This is essentially how Patti Labelle found the true meaning of “Lady Marmalade.” A gaggle of nuns and a roundup of religious leaders were disgusted by the lyrics. These complaints found their way back to Labelle, and she finally found out the true meaning of “Lady Marmalade.” I would’ve loved to see the look on her face when she found out.

How Did the Song Perform?

It took a bunch of nuns getting upset about the song to create the controversy it needed to get some exposure. Have you noticed when a song, book, or movie gets banned, it usually creates more interest and has the opposite effect? Because of the controversy, the song hit the Pop charts running at breakneck speed. 

The song was first released in November 1974. And it didn’t take long before it made the top spot on the Hot 100 Billboard Charts in the US. It also made #1 on the Canadian and Netherlands charts at the same time.

At the time… 

Lady Marmalade” by Labelle sold over one million copies and even made it in the Top 25 songs of the year-ending US Billboard Charts. At the 2003 Grammy Awards, it was inducted into the Grammy Hall of Fame. 

The famous music magazine, Rolling Stones, placed the track at #479 on their Greatest 500 Songs of All Time list in 2004. It’s won some major awards over the years, and all the controversy has long since passed. 

Lady Marmalade” Reboots and Cover Versions

Labelle’s version of “Lady Marmalade” is rightfully known as the quintessential version of the track. But there have been a couple of very successful reboots and cover versions of “Lady Marmalade.” 

The British all-girl Pop band, All Saints, did a cover version of “Lady Marmalade in 1998. As did Italian pop singer Sabrina in 1987. The All Saints’ cover version charted very well across Europe, reaching #1 in the UK. It also did very well in Australia, Denmark, Iceland, and France.

Lady Marmalade Reboot in Moulin Rouge 

The most famous and successful version of “Lady Marmalade,” outside of the original Labelle version, is the reboot that featured in the Moulin Rouge motion picture in 2001. 

This version was performed by some of the biggest female modern-day R&B and Pop vocalists of the early 2000s. The list of performers included Christina Aguilera, Lil Kim, Pink, and Mya. It had a bunch of different lyrics to the original version and essentially appeared as a medley in the movie. It was released as a single in April 2001 from the Moulin Rouge soundtrack and was produced by Missy Elliot.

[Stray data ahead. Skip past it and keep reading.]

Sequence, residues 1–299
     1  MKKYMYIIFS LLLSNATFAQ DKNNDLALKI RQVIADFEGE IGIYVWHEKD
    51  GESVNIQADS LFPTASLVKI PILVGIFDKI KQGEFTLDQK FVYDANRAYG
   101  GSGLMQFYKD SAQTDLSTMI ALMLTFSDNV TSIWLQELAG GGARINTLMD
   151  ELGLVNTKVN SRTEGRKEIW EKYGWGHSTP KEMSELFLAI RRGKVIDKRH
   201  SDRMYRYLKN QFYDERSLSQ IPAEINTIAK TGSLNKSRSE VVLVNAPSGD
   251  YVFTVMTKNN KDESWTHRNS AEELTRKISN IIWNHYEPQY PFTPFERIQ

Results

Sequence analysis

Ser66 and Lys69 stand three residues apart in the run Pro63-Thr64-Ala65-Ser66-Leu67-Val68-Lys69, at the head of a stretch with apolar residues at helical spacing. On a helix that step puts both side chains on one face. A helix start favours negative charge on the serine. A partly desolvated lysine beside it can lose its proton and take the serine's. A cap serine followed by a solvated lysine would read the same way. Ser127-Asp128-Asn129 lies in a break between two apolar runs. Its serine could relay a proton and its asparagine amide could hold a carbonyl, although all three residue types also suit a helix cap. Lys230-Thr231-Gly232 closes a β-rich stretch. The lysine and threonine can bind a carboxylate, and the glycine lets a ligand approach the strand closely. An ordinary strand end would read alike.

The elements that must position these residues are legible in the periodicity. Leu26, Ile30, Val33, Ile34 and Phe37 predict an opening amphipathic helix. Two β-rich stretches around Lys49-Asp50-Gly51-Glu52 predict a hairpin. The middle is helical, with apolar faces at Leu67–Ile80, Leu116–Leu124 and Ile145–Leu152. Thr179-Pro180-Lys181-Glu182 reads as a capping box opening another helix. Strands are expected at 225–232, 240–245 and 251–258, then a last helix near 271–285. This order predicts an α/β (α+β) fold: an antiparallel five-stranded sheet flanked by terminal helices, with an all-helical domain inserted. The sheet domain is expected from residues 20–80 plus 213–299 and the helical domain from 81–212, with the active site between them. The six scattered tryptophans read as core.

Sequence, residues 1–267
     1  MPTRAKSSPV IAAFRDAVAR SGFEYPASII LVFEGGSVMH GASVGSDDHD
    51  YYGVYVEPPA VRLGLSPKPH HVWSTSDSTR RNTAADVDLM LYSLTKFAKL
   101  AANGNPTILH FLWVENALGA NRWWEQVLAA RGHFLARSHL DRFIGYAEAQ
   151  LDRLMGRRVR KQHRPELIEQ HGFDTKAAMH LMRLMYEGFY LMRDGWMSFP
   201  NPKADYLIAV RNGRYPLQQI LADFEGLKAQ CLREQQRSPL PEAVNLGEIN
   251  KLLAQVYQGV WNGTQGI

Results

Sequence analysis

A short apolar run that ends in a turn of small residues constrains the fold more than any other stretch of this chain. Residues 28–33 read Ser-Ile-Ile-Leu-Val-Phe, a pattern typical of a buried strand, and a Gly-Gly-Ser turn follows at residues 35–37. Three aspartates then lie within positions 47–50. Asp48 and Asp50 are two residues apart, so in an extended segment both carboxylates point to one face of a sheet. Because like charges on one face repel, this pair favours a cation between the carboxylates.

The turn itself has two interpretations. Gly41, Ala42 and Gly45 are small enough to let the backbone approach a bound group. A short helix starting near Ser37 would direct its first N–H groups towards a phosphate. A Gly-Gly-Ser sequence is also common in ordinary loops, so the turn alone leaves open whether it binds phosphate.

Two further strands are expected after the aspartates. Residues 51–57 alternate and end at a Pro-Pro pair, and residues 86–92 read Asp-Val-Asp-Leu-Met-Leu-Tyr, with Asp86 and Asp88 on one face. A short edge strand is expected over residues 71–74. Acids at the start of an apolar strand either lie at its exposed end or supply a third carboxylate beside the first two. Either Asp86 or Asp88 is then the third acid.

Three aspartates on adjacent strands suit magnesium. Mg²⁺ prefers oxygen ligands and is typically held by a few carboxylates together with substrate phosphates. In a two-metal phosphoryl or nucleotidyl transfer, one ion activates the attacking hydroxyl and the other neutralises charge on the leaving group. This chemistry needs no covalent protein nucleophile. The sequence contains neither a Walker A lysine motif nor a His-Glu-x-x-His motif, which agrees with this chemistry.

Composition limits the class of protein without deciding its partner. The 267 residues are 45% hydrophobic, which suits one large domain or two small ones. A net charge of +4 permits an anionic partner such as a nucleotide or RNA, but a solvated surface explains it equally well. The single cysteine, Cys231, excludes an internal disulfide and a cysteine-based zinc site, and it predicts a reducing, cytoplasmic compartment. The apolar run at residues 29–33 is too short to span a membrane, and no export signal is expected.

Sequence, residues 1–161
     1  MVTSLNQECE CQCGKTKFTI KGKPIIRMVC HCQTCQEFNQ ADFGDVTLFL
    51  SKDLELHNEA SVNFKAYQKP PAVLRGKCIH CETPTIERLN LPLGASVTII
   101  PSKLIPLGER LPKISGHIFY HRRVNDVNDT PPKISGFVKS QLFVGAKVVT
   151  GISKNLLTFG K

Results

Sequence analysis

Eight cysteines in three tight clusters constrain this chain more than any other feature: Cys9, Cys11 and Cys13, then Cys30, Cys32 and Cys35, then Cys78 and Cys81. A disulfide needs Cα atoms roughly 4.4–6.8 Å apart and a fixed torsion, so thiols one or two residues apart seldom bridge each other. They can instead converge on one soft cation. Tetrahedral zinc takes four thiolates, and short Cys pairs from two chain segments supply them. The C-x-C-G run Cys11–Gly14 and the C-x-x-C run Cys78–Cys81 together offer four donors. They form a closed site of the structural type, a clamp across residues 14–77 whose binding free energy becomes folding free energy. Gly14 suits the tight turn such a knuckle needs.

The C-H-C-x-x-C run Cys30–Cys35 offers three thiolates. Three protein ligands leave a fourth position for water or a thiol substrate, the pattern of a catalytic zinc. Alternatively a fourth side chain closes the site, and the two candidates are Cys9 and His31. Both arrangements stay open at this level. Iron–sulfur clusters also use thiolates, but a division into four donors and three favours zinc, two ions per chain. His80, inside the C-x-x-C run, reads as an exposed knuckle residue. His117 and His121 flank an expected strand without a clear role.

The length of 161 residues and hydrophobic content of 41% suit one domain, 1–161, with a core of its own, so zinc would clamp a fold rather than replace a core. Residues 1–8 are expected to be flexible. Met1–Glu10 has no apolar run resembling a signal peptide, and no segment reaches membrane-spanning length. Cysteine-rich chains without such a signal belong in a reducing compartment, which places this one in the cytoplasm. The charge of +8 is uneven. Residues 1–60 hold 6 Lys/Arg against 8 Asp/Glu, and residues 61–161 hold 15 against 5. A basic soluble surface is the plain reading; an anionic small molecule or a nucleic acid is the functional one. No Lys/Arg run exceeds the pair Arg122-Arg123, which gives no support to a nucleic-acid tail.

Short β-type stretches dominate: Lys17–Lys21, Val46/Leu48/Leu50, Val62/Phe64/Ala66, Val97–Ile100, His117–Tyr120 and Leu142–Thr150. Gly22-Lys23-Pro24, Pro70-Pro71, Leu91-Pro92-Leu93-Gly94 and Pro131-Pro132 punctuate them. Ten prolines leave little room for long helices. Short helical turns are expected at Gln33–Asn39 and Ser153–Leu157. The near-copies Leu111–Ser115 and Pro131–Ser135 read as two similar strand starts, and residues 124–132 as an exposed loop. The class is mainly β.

The setting of the song changed from New Orleans to the Moulin Rouge nightclub in Paris to reflect the movie. But, in fairness, the same vibe of the original was well and truly alive in the reboot. The vibe gave off a strong girl-power feel that reflected the changing times and the feminism that was starting to become prominent in modern society.

The reboot was also a massive commercial success… 

It reached the top spot on the Hot 100 Billboard charts and stayed there for five weeks, a full 26 years after the original. It also reached #1 in Australia, Germany, Ireland, Hungary, New Zealand, Spain, Sweden, Switzerland, and Portugal. In many regards, the 2001 reboot was more widely accepted and sold more on a global scale.

Interested in The Meaning of Other Famous Songs?

If so, check out our thoughts on the Meaning Behind “Edge of Seventeen” Song By Stevie Nicks, The Meaning Behind “Watermelon Sugar” by Harry StylesThe Meaning Behind “Waterfalls” by TLCThe Meaning Behind “Lola” by The Kinks, and The Meaning Behind Cyndi Lauper’s 1983 Hit “Time After Time” for more interesting song insights.

Also, you need to hear them. So, have a look at our reviews of the Best Headphones for Music, the Most Comfortable Headphones, the Best Sound Quality Earbuds, the Best Bass Earbuds, the Best Headphones Under $200, and the Best Cheap Earbuds Under $100 you can buy in 2024.

The Meaning Behind the Song Lyrics of “Lady Marmalade” by Patti Labelle – Final Thoughts

When you think about it, the meaning of the lyrics to “Lady Marmalade” was quite groundbreaking. They touched on subjects that were seldom talked about in the 1970s. Since the 70s, there have been many songs about prostitutes, such as “Roxanne” by the Police, “Call Me” by Blondie, “Private Dancer” by Tina Turner, and “When The Sun Goes Down” by the Arctic Monkeys.

Patti Labelle, not knowing about the song’s subject always brings a smile to my face. The truth is that she accidentally pioneered hooker anthems way before Cardi B. never had a song that merged prostitution, bi-lingual lyrics, and New Orleans at the same time. 

On a side note, I suggest you check out the Moulin Rouge 2001 official video for Lady Marmalade. It’s one of the sexiest and raunchiest music videos ever.

Until next time, happy listening.